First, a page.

If that's the case (there seem to be plenty of rumors from both sides on the Pac12/DTV thing, who knows how accurate they are) Directv might want more concessions if Pac 12 was holding out over with a demand for those seven full time channels.
Look at it from Directv's perspective - they've already lost the large majority of the hardcore Pac 12 fans who will cancel over the issue, because they've already canceled. They aren't likely to come back right away just because Directv added Pac 12. Directv probably has some pretty good internal estimates of how much not having Pac 12 Network has cost them, and might want a bit of concession on rates at this point to compensate them for that.
The only thing a network has going for it in negotiations is the threat of a provider losing subscribers. That's already happened to Directv, so what does the Pac 12 Network have to negotiate with now? The way I see it, Directv is in the catbird seat.
This doesn't apply for the SEC Network, or for BTN when it comes time to renegotiate that deal. They would lose subscribers if they don't have the SEC Network, or if they lost BTN. Both those networks have that ace in the hole, but that ace has already been played by the Pac 12 and they can't play it twice. That's why I keep saying people shouldn't read into the Pac 12 situation trying to figure out what Directv might do about SEC Network.
The 7 channel thing is a bit of a red herring when discussing the P12N. Very few of the existing P12N providers have all 7 channels. Brighthouse is one of the few, but it provides 1 channel on digital basic (in footprint), and the other 6 on its sports package. Dish came on board September of 2012, and they only carry a single channel plus overflows (available 120+ in footprint, sports package outside footprint). ATT UVerse took 3 channels, available on U300 in footprint, U450 outside, or sports package. The way the 7 channels have worked out in reality is more of an option package, under the basic framework of at least one channel on a basic tier in footprint, sports package (or very high level tier) outside footprint.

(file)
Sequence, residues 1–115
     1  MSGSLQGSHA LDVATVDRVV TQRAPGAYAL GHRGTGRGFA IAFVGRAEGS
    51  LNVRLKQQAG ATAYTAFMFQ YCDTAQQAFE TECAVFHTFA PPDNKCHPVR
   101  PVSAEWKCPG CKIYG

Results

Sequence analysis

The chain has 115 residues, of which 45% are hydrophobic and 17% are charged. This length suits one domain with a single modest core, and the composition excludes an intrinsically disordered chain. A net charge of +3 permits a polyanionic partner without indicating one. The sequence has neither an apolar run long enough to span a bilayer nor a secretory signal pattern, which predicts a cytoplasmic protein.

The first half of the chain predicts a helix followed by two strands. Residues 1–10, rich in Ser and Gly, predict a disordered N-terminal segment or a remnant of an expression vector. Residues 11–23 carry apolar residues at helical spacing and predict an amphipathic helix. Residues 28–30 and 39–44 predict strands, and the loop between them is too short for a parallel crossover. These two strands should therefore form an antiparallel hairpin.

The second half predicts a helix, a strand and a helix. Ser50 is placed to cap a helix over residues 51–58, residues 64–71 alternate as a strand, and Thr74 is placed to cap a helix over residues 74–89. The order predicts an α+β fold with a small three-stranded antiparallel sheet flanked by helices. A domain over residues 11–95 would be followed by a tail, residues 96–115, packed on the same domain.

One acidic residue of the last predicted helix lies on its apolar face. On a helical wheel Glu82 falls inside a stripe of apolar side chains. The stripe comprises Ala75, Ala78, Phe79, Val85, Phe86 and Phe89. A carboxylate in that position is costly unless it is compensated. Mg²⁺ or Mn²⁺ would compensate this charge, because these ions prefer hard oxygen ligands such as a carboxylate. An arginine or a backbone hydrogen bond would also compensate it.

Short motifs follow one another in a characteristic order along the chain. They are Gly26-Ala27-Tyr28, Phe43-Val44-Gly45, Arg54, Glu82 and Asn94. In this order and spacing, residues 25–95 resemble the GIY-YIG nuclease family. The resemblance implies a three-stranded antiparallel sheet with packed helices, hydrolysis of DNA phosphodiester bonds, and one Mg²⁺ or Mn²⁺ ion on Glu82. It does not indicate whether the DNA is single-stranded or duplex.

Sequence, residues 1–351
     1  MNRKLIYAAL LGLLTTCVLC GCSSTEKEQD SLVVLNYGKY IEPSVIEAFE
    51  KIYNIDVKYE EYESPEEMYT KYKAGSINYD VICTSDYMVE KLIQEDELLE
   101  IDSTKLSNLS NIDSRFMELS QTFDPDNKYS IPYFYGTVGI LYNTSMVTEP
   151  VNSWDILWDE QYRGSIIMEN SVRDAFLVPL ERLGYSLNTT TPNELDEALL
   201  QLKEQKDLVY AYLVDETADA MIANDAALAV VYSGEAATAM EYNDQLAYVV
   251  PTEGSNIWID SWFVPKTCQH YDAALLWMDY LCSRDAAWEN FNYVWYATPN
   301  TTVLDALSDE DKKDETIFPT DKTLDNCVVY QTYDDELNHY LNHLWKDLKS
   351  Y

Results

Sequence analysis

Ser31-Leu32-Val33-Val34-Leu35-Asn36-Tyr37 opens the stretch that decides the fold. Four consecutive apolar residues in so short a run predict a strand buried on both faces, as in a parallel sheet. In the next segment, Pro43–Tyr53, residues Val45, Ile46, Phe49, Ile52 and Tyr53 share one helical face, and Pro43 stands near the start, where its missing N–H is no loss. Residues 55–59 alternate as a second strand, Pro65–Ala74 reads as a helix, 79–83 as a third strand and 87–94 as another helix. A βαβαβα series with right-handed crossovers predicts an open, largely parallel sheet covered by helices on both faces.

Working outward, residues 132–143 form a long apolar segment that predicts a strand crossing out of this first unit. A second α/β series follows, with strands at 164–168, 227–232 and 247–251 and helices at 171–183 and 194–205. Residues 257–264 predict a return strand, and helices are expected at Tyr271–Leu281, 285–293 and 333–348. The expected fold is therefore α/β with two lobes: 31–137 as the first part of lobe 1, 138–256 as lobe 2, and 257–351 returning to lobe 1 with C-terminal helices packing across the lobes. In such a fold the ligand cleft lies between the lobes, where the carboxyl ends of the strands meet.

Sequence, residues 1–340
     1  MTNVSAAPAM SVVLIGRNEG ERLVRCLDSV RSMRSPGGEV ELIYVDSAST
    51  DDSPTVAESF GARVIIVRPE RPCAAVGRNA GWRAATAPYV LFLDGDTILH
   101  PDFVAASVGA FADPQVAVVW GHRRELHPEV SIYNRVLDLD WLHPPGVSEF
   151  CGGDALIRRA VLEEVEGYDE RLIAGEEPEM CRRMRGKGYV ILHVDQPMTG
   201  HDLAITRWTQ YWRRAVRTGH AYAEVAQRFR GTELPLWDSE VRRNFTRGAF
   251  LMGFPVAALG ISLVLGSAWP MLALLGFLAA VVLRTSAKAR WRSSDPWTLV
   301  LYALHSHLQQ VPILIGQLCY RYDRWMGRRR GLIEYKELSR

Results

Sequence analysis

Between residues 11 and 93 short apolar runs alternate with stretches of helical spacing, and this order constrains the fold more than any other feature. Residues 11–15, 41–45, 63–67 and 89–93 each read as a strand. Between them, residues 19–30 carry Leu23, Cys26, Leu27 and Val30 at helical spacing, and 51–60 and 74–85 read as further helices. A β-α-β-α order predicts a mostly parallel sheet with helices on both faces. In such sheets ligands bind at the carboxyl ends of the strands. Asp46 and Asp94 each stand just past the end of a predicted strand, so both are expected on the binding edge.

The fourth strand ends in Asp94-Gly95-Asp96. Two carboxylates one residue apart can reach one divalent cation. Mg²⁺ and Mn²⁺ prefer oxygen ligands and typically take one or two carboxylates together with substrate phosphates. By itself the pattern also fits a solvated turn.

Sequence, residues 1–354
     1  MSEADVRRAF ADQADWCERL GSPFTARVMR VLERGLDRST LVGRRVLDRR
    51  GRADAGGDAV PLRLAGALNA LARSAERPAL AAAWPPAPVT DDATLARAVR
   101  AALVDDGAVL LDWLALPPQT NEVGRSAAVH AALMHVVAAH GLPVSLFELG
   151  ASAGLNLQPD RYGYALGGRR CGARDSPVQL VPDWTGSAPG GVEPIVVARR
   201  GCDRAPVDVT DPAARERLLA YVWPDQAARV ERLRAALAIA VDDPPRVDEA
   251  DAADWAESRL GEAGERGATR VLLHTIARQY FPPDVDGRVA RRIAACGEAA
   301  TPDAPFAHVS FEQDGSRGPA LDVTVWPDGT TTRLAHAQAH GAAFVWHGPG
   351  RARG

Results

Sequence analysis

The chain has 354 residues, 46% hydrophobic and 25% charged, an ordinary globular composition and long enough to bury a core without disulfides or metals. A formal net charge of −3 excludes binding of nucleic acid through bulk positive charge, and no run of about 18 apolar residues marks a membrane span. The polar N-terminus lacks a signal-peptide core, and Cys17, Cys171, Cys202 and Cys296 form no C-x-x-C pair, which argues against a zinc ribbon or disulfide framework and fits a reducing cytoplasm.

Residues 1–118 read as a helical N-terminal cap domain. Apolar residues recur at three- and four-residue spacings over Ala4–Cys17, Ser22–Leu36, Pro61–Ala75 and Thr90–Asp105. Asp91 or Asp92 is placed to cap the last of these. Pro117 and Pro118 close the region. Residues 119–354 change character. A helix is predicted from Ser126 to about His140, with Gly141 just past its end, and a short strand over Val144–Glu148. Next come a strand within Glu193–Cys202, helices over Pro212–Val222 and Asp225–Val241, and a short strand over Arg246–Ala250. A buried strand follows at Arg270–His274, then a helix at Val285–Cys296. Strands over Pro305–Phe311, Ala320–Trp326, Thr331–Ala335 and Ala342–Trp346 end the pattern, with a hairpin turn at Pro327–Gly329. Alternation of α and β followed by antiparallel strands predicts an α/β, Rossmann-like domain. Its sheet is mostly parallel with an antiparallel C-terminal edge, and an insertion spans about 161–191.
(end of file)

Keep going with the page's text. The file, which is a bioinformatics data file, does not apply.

The biggest advantage the Big Ten and SEC has over the P12N are the fanbases. I used to live in the southeast, have a lot of relatives in the midwest, and now live in SoCal. I will argue til the cows come home that the PAC-12 has a great product, nearly the equal of the SEC on the gridiron. But the fans (on the whole) are not even close as passionate. Most fans of a PAC-12 team I know are bigger fans of an NFL team, and are okay with missing a few college games in order to keep Sunday Ticket. I don't think that will hold true with SEC fans, and DirecTV has greater risk of losing customers than what they faced with the P12N.
The SEC network also has the advantage of ESPN owning all games after CBS's single selection. The South Carolina/Texas A&M game would normally be on a primary ESPN channel, but ESPN can move some good games to the SEC network to make it "hurt" more if you don't get the game. I am curious if there will be a bait and switch once they get providers on board. Will they move those type of games back to ESPN/ESPN2, or will there be some guarantees to the providers on how many "good" games ESPN will put on the SEC network. Be interesting to watch it play out.